Method's New Pump Detergent

By Sarah Rich / Published by Dwell
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As someone who tries my hardest to purchase environmentally responsible products, I have a difficult challenge: a lot of "eco-friendly" cleaners are simply less effective than the toxic ones. Now, this is not always the case (and even when it is, it doesn't stop me from buying the green option), but it'd be nice to have the best of both worlds. Hence, my inordinate excitement over the new laundry detergent from Method. What is so genius about the new product is not so much the detergent itself but the design of the bottle, and the use of design to modify ingrained behavior.

A lot of companies have started upping the concentration of their detergents so that they can use less packaging material. Even Unilever brand products now come in smaller bottles. However, just because the bottle is smaller and the concentration higher does not mean that people will actually use less of it when doing laundry. We are all habituated to eyeballing a certain quantity of detergent, and most of us are guilty of believing that using more will result in a more thorough clean. This leads us to use up the ultra-concentrated stuff at the same rate as we'd use the normal stuff, thus negating the whole intention behind the design.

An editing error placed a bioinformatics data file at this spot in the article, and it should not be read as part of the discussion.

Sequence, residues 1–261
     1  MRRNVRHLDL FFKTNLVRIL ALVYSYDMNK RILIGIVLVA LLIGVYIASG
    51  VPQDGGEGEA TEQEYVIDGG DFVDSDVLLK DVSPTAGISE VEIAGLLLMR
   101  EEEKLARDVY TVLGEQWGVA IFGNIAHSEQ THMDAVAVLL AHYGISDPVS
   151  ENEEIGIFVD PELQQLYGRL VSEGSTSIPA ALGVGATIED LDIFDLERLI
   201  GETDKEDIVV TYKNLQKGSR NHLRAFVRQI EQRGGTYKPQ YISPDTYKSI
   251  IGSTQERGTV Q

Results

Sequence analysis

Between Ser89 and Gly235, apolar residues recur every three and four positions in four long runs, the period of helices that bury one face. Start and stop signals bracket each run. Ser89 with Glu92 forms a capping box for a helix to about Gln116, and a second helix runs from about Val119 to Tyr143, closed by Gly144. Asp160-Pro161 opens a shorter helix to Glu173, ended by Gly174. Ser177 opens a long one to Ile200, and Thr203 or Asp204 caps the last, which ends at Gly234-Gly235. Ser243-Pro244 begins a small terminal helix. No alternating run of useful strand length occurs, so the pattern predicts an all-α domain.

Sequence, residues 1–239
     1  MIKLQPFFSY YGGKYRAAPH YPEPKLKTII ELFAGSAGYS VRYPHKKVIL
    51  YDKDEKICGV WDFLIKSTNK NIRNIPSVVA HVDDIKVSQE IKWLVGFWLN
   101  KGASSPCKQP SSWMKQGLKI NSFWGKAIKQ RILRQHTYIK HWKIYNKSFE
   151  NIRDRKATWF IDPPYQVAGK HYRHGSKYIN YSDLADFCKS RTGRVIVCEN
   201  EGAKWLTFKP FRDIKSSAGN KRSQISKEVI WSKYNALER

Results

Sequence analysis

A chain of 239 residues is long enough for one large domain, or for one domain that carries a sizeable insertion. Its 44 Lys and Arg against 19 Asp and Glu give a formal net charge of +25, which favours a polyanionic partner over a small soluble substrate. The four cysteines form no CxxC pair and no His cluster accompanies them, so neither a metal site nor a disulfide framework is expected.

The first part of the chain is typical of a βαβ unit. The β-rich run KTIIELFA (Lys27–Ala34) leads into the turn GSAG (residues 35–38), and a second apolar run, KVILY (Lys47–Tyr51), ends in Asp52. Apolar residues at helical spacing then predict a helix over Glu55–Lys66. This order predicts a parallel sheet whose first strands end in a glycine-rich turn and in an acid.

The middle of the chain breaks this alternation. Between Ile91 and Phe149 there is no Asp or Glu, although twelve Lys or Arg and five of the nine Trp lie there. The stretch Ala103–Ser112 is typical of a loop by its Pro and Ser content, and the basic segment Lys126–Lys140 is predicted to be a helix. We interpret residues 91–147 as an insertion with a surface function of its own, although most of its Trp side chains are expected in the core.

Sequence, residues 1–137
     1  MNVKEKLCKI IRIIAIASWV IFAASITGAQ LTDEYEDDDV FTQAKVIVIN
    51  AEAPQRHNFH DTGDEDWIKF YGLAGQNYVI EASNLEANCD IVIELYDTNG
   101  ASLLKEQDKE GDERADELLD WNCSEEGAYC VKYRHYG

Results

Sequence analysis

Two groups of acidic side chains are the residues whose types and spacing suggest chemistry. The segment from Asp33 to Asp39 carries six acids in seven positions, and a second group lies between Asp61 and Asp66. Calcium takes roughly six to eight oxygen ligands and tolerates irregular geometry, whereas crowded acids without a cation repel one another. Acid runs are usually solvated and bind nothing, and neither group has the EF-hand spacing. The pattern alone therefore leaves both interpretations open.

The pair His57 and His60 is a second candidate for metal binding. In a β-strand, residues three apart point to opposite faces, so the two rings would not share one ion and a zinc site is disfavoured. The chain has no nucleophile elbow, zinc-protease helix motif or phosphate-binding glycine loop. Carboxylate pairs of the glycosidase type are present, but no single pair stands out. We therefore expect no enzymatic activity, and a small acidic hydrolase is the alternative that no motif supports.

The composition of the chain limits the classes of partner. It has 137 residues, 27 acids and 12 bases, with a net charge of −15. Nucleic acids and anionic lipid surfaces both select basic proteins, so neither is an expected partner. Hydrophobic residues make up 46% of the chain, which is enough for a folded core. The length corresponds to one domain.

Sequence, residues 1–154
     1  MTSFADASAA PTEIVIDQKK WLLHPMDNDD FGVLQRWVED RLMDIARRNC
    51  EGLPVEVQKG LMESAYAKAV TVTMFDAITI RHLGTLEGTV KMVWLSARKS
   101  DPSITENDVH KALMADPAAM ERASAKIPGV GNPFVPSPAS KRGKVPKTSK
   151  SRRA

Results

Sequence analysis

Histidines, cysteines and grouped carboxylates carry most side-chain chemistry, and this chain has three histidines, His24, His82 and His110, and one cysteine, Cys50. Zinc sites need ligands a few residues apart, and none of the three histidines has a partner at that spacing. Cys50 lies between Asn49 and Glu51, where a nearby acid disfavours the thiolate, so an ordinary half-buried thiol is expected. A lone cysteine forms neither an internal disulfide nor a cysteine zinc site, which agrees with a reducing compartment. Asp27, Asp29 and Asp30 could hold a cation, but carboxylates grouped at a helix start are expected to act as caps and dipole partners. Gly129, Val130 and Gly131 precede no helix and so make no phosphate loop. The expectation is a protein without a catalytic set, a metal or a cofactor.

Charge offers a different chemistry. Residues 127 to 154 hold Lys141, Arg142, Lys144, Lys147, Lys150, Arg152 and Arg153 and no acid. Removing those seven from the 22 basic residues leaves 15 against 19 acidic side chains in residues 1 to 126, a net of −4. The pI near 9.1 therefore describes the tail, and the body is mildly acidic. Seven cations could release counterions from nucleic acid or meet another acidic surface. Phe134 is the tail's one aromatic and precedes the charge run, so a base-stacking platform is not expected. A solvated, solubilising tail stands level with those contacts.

Method addresses this problem by eliminating the screw-top measuring cup design and replacing it with a pump. Four pumps from the bottle are enough for one load of laundry. The design itself leads to immediate behavior change, guaranteeing that the intention is carried out by the user. The pump is also very easy to use with one hand, if your other arm is full of clothes. I have been trying it out at home and while I'm not usually an evangelist of household cleaners, I do find the innovative design to be downright awesome. In addition, the laundry liquid is mostly plant-based and the bottle is recyclable (and made from 50% recycled plastic). It's a good product and a great example of how design can be a lever for helping well-intentioned consumers to walk their talk.

Sarah Rich


When not working in design, Sarah Rich writes, talks and forecasts about food and consumer culture.

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